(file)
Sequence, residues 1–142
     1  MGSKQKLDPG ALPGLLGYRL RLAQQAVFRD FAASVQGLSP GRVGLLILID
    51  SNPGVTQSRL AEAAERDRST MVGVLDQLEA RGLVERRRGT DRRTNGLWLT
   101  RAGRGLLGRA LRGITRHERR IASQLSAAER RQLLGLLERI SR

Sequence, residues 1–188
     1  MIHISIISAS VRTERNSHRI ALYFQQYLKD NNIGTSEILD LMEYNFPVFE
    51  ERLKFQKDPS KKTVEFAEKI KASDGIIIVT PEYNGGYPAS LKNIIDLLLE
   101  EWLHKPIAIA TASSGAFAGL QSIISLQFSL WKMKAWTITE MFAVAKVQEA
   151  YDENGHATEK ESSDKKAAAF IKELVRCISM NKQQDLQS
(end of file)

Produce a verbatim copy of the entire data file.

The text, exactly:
Sequence, residues 1–142
     1  MGSKQKLDPG ALPGLLGYRL RLAQQAVFRD FAASVQGLSP GRVGLLILID
    51  SNPGVTQSRL AEAAERDRST MVGVLDQLEA RGLVERRRGT DRRTNGLWLT
   101  RAGRGLLGRA LRGITRHERR IASQLSAAER RQLLGLLERI SR

Sequence, residues 1–188
     1  MIHISIISAS VRTERNSHRI ALYFQQYLKD NNIGTSEILD LMEYNFPVFE
    51  ERLKFQKDPS KKTVEFAEKI KASDGIIIVT PEYNGGYPAS LKNIIDLLLE
   101  EWLHKPIAIA TASSGAFAGL QSIISLQFSL WKMKAWTITE MFAVAKVQEA
   151  YDENGHATEK ESSDKKAAAF IKELVRCISM NKQQDLQS